Anyone who knows me is aware of my complete disinterest in sports. I did go to a National’s game back in 2012. I had every intention of making it to a game last year, but it felt like such a hassle to go to a game, particularly to cheer on a somewhat uninspiring team. Recently, however, the stadium/Navy Yard area has attracted my attention. It has become home to some appealing new restaurants including Blue Jacket Brewery, Agua 301, and Osteria Morini.
Baseball wasn’t the only thing I experienced in the summer of 2012. I also visited the Soho, NY location of Osteria Morini. I marveled at the “rich and rustic raviolo filled with ricotta and topped with an egg and mushroom ragu.” When chef/restaurateur Michael White announced he was joining the cadre of successful out-of-towners opening restaurants in DC, I did a happy dance. I knew his rustic Italian cuisine would be another positive addition to our burgeoning dining scene.
Osteria Morini’s cuisine is inspired from the region of Emilia-Romagna, known as the Italian Breadbasket. Executive Chef, Matt Adler, who trained with White at some of his New York restaurants, is now hitting it out of the park in DC.
The ambience at Osteria Morini has some familiar ingredients: rustic feel, high ceilings, open kitchen. But it has a light/bright feel, which I find very appealing. The restaurant is packed on a wintry Saturday night, and it is certainly loud, but happily I can hear my five dining companions.
Three of us (the women) decide to share dishes, despite my incessant complaints about shared plates. I have to admit that it is a most efficient way to experience a menu, and we’re in the mood to explore. We leave our men to approach the menu in whichever way they see fit.
We nod in approval as a trio of spreads and crostini arrive with a heaping portion of grilled bread. Each spread is distinct in its flavor. Smoked trout is pureed with olives and sour cream; parmigiana “gelato” is dotted with aged balsamico; and winter squash mixes with sage and crispy speck. My preference is for the squash, with the specks of speck (a type of prosciutto), adding an extra layer of texture to the slightly-sweet spread.
This would more than suffice as a starter for three people, but salad with wild arugula, more crispy speck, pears, and parmigiano sounds too good to pass up. You can never have too much speck. The perfectly-dressed salad proves to be a successful distraction in keeping us from eating too much bread, although ultimately we ask for a bit more to accompany our remaining spoonfuls of spread.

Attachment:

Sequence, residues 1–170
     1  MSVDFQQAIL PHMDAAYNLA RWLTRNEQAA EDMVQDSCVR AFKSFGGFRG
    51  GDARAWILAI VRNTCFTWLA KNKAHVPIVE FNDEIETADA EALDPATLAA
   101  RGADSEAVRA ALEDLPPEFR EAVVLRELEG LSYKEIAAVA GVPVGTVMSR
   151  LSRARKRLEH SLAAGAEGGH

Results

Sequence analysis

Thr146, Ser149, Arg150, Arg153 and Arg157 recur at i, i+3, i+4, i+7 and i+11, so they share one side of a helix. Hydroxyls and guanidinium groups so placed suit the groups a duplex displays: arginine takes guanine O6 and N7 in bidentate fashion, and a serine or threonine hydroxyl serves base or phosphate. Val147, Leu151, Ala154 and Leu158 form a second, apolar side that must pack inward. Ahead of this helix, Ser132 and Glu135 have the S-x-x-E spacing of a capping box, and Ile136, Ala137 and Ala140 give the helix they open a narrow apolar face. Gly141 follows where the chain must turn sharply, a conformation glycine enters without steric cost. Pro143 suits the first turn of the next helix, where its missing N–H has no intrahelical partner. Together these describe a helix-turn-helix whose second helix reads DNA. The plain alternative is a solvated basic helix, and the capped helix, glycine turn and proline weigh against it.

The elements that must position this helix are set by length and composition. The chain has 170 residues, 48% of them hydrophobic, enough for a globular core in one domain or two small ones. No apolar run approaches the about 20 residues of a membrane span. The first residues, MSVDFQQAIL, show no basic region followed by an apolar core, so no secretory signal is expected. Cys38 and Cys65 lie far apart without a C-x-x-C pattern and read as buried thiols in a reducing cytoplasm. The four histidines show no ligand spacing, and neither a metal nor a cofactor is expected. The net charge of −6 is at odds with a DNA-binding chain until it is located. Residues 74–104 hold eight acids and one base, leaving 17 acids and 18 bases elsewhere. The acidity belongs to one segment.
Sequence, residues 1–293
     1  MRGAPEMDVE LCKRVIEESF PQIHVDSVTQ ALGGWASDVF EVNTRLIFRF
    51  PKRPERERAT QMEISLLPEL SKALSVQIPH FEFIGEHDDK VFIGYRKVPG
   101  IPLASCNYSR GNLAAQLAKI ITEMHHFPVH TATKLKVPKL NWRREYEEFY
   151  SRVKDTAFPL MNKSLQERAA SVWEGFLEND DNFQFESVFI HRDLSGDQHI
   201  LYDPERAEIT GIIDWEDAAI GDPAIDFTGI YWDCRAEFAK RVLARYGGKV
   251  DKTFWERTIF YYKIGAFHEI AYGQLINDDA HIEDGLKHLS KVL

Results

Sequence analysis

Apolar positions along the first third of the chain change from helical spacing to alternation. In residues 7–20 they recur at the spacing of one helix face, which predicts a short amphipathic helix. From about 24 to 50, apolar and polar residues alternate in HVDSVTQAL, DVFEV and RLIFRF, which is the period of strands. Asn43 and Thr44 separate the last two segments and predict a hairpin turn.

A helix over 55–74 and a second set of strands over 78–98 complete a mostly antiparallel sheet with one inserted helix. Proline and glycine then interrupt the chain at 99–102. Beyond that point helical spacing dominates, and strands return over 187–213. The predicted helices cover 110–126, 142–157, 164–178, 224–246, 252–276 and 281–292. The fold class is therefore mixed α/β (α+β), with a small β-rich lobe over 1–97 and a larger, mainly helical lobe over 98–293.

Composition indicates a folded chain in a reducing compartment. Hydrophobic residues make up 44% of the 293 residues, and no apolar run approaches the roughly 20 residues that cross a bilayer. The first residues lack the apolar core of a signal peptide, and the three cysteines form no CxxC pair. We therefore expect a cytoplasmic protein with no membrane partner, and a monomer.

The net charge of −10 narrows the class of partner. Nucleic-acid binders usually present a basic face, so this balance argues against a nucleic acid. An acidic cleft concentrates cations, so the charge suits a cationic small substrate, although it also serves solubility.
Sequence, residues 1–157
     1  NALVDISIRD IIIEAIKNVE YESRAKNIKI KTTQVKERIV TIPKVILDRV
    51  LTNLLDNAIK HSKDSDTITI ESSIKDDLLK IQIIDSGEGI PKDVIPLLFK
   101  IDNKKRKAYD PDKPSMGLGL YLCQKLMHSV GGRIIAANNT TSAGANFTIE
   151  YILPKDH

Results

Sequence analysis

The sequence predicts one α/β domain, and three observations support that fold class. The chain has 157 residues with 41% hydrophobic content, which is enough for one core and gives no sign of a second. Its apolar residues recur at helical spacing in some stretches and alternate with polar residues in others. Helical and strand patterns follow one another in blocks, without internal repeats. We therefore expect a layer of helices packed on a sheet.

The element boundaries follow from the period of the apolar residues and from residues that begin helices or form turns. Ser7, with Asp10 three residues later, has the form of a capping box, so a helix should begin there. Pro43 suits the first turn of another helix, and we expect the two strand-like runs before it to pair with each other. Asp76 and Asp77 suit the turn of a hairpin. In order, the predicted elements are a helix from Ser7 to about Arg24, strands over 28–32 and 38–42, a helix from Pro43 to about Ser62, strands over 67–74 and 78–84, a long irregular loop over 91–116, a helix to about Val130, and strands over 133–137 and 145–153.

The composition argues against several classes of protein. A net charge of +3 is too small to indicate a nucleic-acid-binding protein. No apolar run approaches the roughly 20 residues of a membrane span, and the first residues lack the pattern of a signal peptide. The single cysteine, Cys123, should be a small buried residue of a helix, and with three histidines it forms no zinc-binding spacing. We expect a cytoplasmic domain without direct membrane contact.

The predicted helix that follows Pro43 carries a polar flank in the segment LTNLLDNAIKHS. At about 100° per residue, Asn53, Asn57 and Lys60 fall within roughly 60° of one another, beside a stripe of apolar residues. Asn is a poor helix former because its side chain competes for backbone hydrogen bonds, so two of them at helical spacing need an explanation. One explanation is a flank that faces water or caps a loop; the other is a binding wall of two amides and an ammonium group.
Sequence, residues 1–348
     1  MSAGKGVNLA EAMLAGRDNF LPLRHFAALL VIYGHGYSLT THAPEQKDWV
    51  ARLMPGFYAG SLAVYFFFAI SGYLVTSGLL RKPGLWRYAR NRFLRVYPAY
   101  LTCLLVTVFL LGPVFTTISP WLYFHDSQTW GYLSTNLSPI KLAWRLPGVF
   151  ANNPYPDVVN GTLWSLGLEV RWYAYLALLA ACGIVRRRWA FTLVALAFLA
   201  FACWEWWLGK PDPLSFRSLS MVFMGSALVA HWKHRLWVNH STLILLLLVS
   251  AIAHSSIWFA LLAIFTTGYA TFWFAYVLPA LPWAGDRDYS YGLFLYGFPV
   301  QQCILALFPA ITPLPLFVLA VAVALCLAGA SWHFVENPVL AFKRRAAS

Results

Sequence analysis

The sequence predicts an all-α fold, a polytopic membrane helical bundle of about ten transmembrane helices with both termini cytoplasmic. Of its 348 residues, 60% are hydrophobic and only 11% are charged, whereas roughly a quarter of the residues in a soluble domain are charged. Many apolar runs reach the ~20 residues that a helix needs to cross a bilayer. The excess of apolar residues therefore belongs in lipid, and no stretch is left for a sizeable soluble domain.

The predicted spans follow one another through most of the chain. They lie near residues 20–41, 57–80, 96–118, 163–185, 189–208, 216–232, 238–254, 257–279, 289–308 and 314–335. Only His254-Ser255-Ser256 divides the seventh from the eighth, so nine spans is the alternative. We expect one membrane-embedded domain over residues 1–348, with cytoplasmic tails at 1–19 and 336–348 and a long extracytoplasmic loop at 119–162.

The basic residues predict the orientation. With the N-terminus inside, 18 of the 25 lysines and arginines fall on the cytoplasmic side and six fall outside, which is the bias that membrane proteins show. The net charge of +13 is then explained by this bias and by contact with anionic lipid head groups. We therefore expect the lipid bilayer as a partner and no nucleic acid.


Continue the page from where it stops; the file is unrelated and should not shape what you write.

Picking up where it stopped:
Pastas are not to be missed at Osteria Morini. House-made and hand-rolled, I imagine that any ingredient that touches them will shine. Bucatini with crab, sea urchin, and basil is a satisfying way to go. Even better is stracci with braised wild mushrooms. The wide ribbons of stracci are chewy, earthy, and impossible to resist digging in for another bite.
Branzino is another winner, simple but expertly prepared with fennel, green beans, and charred lemon.
I only have two bones to pick with Osteria Morini. Brussels sprouts with pancetta are mushy and bland. We now know that brussels sprouts have the capacity to shine, so these are disappointing. We’ve almost completed our entrees when a server appears with a basket of foccacia. Where was she earlier in our meal, when this would have been a welcome sight? These are minor irritations, and don’t make a dent in affecting the good vibes we are feeling towards our meal.
Full disclosure…we order two desserts but after seeing a tweet I’ve sent, pastry chef Alex Levin appears at our table with two additional desserts for our group to enjoy. The former finance executive, turned pastry chef, has found his calling. I am enthralled with banana caramellata with milk chocolate crema, brownie, pine nut crunch, stracciatella gelato. I tackle it before my husband has a photo opp. Oops.
We are also captivated by a special dessert not yet on the menu. Ricotta Bavarian is topped with mandarin gelee, and accompanied by angel food cake, passion fruit curd, fresh citrus, red wine meringue kisses, and grapefruit campari sorbet. This is beautiful, refreshing, delicious, and hopefully will take its place on the menu soon.
Budino consists of butterscotch crema, olive oil cake, dark chocolate toffee crunch, and pine nuts.
Tortino al Cioccolato features warm chocolate cake with a liquid ganache and espresso gelato. It’s difficult to save room for dessert with so many worthwhile savory dishes. My advice is don’t try. Over-indulge and have dessert.
One of my friends admits that earlier he had grumbled to his wife about heading downtown for dinner. The Navy Yard area gave him more cause for complaint. After dinner he sings a different tune, and even asks if he can make a reservation for dinner next summer. Osteria Morini is guaranteed to be a very hot spot this summer, particularly before or after games and concerts at the stadium.
I may or may not get to Nationals Park in 2014. But I will definitely get to the Navy Yard area, now that Osteria Morini gives this non-sports fan something to cheer for.
Osteria Morini, 301 Water Street, SE, Washington, DC
The Washington Post, Tom Sietsema review
Washingtonian 2015 100 Very Best Restaurants, #33